Continued from Part 1…..
I mentioned earlier about the young woman who helped me understand the relationship between the photographer and the photographs. I have also mentioned that some people will delight in pulling you down or simply not be ‘into’ what you do. So, who should you listen to? Well, here’s a short list:
The Insightful: those who comment insightfully on what you do – the people who ‘get it’ – and either leave you with very positive remarks or constructive criticism. Their insight tells you that their comments are well-worth listening to. This may sound self-evident, but think how many times people have criticised but not uttered a single word that indicates they are able to close the gap between the inside if their head and your own?
Top Photographers: anyone who has reached a vey high level in their art should be listened to, whether it’s a curator or photographer. This does not mean that their verdict is final (which is why I completely reject the validity of one person portfolio reviews), but that you really should hear what they say and tease out every last drop of detail. At a minimum, if critical, it will highlight the obstacles you face in the industry and criticism you may hear from elsewhere. The reality is that you may have seven out of ten master photographers show no interest in your work (or actively dislike it), one who likes it and two who absolutely love it. If you met the first seven in a row, you’d likely end up feeling broken and disillusioned, so the message here is ‘numbers and perseverance’. Universal appreciation is simply not going to happen. A committed fringe of those who strongly connect with your work is more realistic. ‘Like’ is unimportant. ‘Love’ is where it’s at.
As an aside, I had one very famous photographer walk into an exhibition of mine, which showed work from Russians and Royals, A Tree Falls and Terrestrial Cosmos. He only gave a glancing look from the middle of the room at the first two and was very complimentary about Terrestrial Cosmos, which was only present in portfolio format. Although he was not rude about the first two, he was fairly dismissive, intimating that the work was typical reportage and therefore of no interest. While this is an entirely fair comment (its his opinion, right?) I did find it slightly ironic due to the number of people who had reached precisely the opposite conclusion after looking at the work and made of a point of telling me so. What is more important? The one big name and his view, or the 50 photography lovers? Its hard to say, but its something to think about.
You also need to know your judge! The chap mentioned above is not a people photographer. Where people occur in his images they are more like props, with no human depth. He’s more conceptual than that and so I hope it is clear that I am not saying this as a criticism, just as a characterisation of his work. Therefore it should have been no surprise whatsoever that he would show little interest in the human nuances shown the first two projects and be drawn to the much more conceptual Terrestrial Cosmos. I was happy to be flattered by his interest in the latter and to ponder his criticisms and disinterest in the former.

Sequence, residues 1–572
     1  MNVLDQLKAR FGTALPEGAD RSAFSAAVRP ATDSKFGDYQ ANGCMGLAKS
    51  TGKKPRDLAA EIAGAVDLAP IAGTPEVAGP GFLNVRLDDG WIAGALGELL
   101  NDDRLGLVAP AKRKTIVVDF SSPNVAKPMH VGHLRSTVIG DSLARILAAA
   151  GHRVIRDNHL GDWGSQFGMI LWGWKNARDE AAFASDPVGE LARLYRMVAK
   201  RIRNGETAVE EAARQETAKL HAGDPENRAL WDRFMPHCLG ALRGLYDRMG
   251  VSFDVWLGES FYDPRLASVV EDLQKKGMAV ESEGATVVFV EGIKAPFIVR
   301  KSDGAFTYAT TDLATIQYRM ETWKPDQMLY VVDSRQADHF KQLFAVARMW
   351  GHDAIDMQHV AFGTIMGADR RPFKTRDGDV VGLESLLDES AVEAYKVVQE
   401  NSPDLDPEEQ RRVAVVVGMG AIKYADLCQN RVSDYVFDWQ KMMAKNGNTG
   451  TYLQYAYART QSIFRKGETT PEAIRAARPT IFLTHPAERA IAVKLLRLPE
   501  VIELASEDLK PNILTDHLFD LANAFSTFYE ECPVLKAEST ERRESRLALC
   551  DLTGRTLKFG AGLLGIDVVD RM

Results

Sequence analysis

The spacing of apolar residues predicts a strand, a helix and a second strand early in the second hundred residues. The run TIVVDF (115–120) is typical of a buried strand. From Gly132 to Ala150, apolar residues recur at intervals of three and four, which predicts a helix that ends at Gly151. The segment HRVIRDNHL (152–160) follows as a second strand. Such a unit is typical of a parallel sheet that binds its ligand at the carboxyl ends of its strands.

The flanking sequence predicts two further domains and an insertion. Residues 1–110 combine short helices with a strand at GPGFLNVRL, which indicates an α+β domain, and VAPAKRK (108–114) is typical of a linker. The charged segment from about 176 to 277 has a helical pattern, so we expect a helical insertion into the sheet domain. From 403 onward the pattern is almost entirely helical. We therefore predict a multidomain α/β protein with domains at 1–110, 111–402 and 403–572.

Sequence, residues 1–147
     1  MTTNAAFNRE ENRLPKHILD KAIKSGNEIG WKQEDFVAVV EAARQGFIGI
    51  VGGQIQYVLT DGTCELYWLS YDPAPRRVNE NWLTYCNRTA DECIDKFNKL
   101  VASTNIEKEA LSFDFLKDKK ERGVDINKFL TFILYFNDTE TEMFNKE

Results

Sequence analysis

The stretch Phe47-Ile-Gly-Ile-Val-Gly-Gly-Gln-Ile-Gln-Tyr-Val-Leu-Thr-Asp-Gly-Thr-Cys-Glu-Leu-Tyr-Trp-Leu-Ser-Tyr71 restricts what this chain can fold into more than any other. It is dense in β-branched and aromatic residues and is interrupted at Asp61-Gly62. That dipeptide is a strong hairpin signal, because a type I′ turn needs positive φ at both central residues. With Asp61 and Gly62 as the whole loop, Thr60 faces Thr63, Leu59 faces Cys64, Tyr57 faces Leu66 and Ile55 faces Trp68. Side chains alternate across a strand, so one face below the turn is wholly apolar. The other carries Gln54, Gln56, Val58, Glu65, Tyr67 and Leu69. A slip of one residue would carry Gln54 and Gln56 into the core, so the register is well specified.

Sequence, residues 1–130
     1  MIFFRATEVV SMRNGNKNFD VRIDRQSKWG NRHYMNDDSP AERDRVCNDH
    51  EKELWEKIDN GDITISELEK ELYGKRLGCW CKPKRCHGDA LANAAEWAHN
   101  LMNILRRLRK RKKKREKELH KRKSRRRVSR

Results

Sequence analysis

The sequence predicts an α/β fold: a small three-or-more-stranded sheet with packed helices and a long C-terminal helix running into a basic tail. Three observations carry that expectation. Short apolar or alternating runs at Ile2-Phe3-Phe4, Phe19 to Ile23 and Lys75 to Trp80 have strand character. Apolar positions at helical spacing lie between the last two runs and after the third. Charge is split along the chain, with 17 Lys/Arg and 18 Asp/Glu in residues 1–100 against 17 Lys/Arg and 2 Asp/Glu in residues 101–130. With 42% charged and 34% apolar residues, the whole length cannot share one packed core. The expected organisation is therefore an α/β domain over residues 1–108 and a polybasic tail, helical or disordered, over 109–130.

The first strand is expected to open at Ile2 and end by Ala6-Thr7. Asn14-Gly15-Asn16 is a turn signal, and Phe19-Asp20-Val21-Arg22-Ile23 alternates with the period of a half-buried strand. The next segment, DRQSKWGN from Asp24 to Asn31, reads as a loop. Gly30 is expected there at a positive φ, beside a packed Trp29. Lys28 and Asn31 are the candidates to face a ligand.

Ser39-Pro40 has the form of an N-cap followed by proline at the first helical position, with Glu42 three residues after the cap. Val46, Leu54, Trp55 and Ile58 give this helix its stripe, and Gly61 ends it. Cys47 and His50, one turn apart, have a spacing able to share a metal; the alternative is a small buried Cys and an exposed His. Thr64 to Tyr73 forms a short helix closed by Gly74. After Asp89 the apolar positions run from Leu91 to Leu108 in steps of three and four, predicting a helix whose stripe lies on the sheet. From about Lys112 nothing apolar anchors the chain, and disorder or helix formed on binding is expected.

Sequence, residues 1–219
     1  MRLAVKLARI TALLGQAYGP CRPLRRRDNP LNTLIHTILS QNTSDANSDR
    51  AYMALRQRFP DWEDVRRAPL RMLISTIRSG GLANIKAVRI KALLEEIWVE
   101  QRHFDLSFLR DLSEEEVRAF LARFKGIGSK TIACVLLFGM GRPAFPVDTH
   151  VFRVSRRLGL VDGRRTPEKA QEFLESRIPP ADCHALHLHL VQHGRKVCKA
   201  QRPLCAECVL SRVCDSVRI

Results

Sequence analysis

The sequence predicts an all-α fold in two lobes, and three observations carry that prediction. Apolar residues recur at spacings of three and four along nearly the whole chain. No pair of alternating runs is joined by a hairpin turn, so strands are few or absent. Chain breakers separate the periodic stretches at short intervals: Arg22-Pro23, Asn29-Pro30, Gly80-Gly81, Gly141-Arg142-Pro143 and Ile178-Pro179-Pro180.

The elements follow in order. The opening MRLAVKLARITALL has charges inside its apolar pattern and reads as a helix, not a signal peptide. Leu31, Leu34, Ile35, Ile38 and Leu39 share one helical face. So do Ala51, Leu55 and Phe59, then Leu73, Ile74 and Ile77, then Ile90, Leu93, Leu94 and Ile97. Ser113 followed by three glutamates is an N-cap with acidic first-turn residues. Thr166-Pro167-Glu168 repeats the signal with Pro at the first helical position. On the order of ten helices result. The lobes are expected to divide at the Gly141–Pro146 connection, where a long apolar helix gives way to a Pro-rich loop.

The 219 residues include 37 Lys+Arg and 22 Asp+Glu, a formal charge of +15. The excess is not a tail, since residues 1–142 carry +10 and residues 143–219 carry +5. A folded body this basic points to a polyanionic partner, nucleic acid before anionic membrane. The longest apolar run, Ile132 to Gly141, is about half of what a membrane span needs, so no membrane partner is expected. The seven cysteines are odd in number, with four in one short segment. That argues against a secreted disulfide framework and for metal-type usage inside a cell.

The Networkers: These are the gallery owners, the journalists, the critics and the master printers. These people see a lot of work and can give you great insight into where you work nestles in terms of contemporary photography. Some have clear prejudices (only interested in conceptual work and reject aesthetics entirely, for example), but others will see things differently. I made the decision some years ago to get Russians and Royals printed by a master printer (Robin Bell). Robin prints for the biggest names in photography, alive and dead. He’s knocking out images from the Brandt archive one minute and Martyn Colbeck the next (with a little Ian Berry in the middle). This means that he is not only extremely talented and knowledgeable, but also well-connected within the photography word and able to solicit opinions. When my work was being printed, various photographers saw it being dried and flattened, so I got to hear what they thought (through Robin). This sort of casual information is priceless. Quite a few years ago it led to a meeting with a senior guy from Getty Images and we had a long discussion about my work with fifty 20×16 prints in front of us. Now that was helpful…. as was the first meeting with the book publisher.
Your Own View: Thus far, we have talked about what other people think of your work. Naturally, this has a feedback effect on what you think of your own work. It will force you to re-evaluate certain elements and hopefully give you a more confidence in other areas. As you progress, you will be expected to spend more time talking about your work and if you are anything like me, you will not enjoy this at all. You may even loathe it. However, it is important and there are several reasons for this:
Firstly, not everyone in the photographic world is confident appraising your work without words to steer them in the right direction. Sometimes, these words are crucial for contextualising what you have done and so can make or break opinions.
Secondly, curators and journalists appreciate having a starting point for publicity material and your ‘artist statement’ is very helpful to them.
Thirdly, people will want to engage with you at shows and discuss your work. As much as I despise writing them, artist statements do help you sharpen up your thoughts and can make these engagements a bit easier. People not only want to look at your work, they will want to understand everything behind it, including you….
…. more coming in Part 3….